This paper documents Karuk tribal uses of resources found within the Klamath River corridor which may be affected by the Klamath Hydroelectric Project. This great range of resources includes plants, animals, and fish as well as locations long enshrined in mythic accounts of legendary events. From millennia of dependence on the resources of the Klamath River corridor, a dense web of cultural practices and social institutions has developed that define the Karuk People as well as the other tribes of the Klamath Basin. In order to establish the depth and unity of these cultural utilizations with the environment and their consequent vulnerability to influences inimical to the environment, the following strategy has been developed. Section I presents a reconstruction of the natural setting and patterns of early habitation of Karuk Ancestral Territory. Particular attention is paid to cultural elements that are directly dependent on the Klamath River health and upon salmonid resources.
Section II follows this establishment of setting and duration of cultural adaptations with a series of ethnographic interviews of Karuk people and knowledgeable individuals. Interviewees were presented with an extensive series of questions and issues concerning cultural and natural resources of the Karuk, and other Klamath River corridor tribes, which may be subject to effects caused by Iron Gate Dam. This same inventory has been incorporated in a series of white papers being written on behalf of these other tribes in conjunction with the upcoming Federal Energy Relicensing Commission (FERC) proceedings concerning relicensing of Iron Gate Dam. The use of similar inventories of questions and issues by the concerned tribes is intended to produce a body of information approaching the Klamath River as an extended ethnographic landscape. This cultural landscape reaches from the region of Klamath Lake and the territory of the Klamath Tribe to the Riverís mouth at the Pacific Ocean where the Yurok live. Interview transcripts have been coded according to the issues addressed by the informants. This section of ethnographic interviews and empirical observations is followed by Section III, Current Conditions and Historical Factors Affecting Fish Populations and River Health, a discussion of water quality and fish passage issues drawn from ethnographic and recent scientific literature.
This paper ends with a Summary and Conclusion which summarizes the material developed in the text as described, bringing together, within an ethnographic context, the conclusions of formal articles with those of the Karuk informants concerning the effect of Iron Gate Dam on the cultural and natural resources of the Karuk Tribe and People.
Traditional Karuk knowledge holds that our ancestors were spirit people who were transformed into humans, animals and natural features at the time of creation. During this period of time the fish and other resources were created and given to us to utilize and manage. Traditional laws were given to the Karuk people which remain the basis for management techniques and ceremonies. In specific ceremonies these practices are kept alive and perpetuated as a living culture. The anthropological perspective is considered by the Karuk to be a theoretical explanation of the vast array of events which have long been addressed in the Karuk oral tradition.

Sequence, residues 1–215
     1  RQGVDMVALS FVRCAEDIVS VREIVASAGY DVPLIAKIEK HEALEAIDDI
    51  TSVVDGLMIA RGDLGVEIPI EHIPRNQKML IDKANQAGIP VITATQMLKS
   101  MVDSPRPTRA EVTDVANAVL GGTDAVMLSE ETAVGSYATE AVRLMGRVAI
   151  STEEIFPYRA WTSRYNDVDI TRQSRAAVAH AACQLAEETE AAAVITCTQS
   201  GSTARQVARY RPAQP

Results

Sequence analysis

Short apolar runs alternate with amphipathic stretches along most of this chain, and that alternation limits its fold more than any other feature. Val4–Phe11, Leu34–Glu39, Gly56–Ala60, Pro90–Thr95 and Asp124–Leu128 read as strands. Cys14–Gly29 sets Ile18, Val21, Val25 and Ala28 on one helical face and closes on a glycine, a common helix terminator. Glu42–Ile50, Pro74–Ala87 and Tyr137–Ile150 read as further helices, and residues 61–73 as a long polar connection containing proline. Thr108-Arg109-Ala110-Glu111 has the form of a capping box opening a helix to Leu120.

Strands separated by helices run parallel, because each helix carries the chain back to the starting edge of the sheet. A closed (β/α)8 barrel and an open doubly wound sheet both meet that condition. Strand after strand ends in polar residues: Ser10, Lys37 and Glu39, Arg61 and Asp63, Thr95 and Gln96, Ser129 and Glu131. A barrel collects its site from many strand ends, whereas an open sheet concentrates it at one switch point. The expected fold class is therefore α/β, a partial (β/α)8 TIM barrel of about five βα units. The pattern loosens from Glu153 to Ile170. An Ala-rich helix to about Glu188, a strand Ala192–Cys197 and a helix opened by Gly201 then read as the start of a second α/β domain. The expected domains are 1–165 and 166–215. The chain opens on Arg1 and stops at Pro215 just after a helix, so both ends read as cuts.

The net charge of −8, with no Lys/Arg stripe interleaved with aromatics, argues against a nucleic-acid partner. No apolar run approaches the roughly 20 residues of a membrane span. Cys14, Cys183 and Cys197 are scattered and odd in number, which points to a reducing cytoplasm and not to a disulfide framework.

PacifiCorp is entering into a professional services contract with the Consultant on behalf of the Karuk Tribe of California for the identification and documentation of traditional cultural properties, other sensitive cultural resources, and those properties and resources’ ethnographic contexts associated with Karuk tribal uses within the Klamath River Corridor that may be affected by the Klamath Hydroelectric Project. The purpose of this study is to develop a context statement on the ethnographic, and historic evidence of traditional patterns of use and belief in the Klamath River Corridor. This context statement will assist PacifiCorp and the Federal Energy Relicensing Commission (FERC) in making a National Register determination of eligibility for the Klamath River as an ethnographic riverscape. This information will be used to satisfy both Section 106 of the National Historic Preservation Act (NHPA), and National Environmental Policy Act (NEPA), and to develop protection, mitigation and enhancements measures in the Historic Properties Management Plan or Programmatic Agreement(s).
The results of this study will be integrated with other tribal ethnographic Klamath riverscape studies generated by this project. The purpose of the individual Tribal reports is to provide information to a “final anthropologist” who will be funded through five tribal contracts. The purpose of the final report is to bring together the several studies into a single document evaluating the effect of Iron Gate Dam on the river as an ethnographic riverscape in its totality. This final integrated tribal ethnographic study will identify impacts from hydroelectric project operations to culturally significant traditional Native American culture and resources such as water, fish, wildlife, plants.
The Karuk Tribe of California, a federally recognized Indian Tribe, occupies some 1,400,000 acres of land located in Siskiyou and Humboldt Counties of northern California. According to oral tradition and archaeological evidence, ancestors of the current Karuk people were among the earliest inhabitants of aboriginal California (Whistler 1979).
To view the whole report email your request to: Klamath Restoration Council